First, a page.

But these bad boys are neither tungsten, nor brass. They are stainless steel. A material that is highly uncommon in darts and has an even lower density than brass (stainless steel is ~ 7400 kg/m3, while brass is in the neighborhood of ~ 8400 kg/m3). I only have one other set of steel darts (don't think they are stainless) and it clocks in at 17 grams despite being roughly the same size and shape as my 23 gram Bottelsen GT's.
The second primary design feature of this dart is the fact that the grip relies entirely on slight fluting along the length of the barrel. My guess is that the name 'Revolver' comes from this design as if you look at the dart nose-on the profile of the barrel is slightly reminiscent of the cylinder of a revolver (which is also (usually) fluted). All in all I think the fluting on these darts could stand to be a bit deeper, but it is a nice design feature and I like it.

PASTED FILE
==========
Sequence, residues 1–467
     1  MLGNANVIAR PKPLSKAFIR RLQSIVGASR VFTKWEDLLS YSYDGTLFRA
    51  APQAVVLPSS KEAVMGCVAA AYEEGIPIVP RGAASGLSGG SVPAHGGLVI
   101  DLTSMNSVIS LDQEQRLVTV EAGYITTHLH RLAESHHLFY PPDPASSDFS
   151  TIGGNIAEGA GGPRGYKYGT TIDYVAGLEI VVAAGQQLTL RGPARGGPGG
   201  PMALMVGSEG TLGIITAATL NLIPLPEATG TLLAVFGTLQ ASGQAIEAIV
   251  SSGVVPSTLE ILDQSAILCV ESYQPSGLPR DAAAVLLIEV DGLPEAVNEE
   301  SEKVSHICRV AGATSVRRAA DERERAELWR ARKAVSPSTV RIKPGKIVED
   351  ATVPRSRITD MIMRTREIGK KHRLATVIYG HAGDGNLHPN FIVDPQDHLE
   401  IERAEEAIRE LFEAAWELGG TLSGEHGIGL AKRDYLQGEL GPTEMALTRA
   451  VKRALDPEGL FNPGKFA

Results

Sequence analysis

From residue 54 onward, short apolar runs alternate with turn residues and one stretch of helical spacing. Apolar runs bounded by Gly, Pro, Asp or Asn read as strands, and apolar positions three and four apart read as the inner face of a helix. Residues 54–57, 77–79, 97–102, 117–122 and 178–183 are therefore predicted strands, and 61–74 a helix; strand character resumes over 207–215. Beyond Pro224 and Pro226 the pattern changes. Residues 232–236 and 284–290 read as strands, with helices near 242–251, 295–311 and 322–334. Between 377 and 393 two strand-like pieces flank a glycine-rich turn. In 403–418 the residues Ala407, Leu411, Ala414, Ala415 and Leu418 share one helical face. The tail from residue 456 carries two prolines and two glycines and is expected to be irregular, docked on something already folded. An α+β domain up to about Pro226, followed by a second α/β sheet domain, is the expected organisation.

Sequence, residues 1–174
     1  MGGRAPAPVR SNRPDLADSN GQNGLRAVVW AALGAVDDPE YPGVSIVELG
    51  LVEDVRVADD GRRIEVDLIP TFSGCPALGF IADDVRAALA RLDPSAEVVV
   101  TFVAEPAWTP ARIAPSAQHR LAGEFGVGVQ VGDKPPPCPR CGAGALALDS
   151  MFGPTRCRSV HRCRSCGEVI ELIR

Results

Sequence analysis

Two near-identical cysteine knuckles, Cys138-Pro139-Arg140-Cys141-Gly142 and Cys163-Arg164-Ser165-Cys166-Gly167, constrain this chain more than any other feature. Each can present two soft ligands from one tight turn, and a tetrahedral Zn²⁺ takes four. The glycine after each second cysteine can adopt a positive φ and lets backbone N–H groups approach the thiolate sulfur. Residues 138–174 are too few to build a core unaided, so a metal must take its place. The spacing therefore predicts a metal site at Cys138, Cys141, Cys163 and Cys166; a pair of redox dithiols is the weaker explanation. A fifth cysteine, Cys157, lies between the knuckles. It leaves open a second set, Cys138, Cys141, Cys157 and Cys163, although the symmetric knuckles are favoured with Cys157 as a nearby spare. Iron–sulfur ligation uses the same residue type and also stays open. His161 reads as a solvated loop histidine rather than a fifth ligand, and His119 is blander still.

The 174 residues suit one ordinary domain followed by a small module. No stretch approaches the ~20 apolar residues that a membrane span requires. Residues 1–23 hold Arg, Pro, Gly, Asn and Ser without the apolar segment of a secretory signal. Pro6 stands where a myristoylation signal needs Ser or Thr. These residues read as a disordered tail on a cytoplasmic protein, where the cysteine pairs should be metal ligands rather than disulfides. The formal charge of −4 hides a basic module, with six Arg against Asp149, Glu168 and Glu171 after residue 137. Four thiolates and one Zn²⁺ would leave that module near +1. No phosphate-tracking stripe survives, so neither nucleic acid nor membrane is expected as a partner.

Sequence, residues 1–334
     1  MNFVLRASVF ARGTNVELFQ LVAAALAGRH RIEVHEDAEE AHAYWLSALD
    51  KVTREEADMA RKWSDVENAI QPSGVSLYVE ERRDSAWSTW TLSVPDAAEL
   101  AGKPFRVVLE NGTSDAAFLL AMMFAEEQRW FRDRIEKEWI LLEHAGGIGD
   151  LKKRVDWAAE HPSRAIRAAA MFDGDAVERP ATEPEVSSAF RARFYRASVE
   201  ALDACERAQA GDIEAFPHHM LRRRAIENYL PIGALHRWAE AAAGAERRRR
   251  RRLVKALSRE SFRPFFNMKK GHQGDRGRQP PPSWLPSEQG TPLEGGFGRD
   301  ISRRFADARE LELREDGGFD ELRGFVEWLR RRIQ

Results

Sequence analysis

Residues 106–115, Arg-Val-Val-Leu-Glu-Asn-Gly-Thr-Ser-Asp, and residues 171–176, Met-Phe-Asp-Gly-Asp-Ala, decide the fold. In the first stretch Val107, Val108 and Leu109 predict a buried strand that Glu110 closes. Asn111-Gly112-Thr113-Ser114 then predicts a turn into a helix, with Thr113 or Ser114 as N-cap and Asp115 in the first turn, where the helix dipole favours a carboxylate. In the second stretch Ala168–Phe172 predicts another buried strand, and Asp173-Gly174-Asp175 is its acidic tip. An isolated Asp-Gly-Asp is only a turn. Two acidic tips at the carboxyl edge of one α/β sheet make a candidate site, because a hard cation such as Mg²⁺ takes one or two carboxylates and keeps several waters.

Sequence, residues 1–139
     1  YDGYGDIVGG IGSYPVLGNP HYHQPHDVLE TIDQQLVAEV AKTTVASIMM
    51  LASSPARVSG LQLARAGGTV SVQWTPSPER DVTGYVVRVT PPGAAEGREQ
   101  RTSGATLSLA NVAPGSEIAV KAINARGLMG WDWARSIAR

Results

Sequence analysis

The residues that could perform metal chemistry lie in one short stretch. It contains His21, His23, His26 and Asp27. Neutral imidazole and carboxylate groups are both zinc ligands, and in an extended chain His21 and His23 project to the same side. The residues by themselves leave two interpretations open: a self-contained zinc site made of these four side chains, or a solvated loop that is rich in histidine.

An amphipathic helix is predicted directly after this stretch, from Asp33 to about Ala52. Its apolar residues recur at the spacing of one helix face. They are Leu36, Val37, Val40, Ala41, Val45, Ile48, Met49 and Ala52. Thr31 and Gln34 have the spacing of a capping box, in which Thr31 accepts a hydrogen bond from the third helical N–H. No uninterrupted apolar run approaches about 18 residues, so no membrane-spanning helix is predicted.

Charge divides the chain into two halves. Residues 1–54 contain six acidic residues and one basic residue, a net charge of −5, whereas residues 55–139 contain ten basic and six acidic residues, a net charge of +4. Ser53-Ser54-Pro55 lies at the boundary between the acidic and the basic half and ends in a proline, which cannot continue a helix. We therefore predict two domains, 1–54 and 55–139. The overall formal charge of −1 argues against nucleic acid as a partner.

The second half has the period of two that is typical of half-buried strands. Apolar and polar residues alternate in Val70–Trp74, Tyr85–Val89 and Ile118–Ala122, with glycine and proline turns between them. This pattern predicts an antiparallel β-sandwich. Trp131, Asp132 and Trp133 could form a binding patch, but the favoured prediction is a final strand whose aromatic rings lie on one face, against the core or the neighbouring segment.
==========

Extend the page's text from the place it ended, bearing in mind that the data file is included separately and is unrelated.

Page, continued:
After having thrown them for a while I think that may favored configuration for them is as follows. Short length Gear Fit Stems with Shape Fit Flight Airs.
The case it come in was basically a standard folding darts case encased in clamshell packaging for store display and advertising purposes:
There was also, on the back a very interesting, if esoteric, chart to help you select what darts "are best for you.":
I do not really know what they mean by "Response" or "Compensating", but I can tell you grouping is a factor of accuracy, not material ;) On this chart, I completely grok Brass and Stainless Steel, but I cannot imagine what they mean by listing Nickel and Tungsten as separate materials. Darts are rarely (if ever) made from just nickel, or just tungsten. Usually it is a tungsten-nickel alloy. Even more ungrokkable, however, is "Black Magic". What the fuck is that supposed to be?
Anyway, I like these darts. Well done Accudart.
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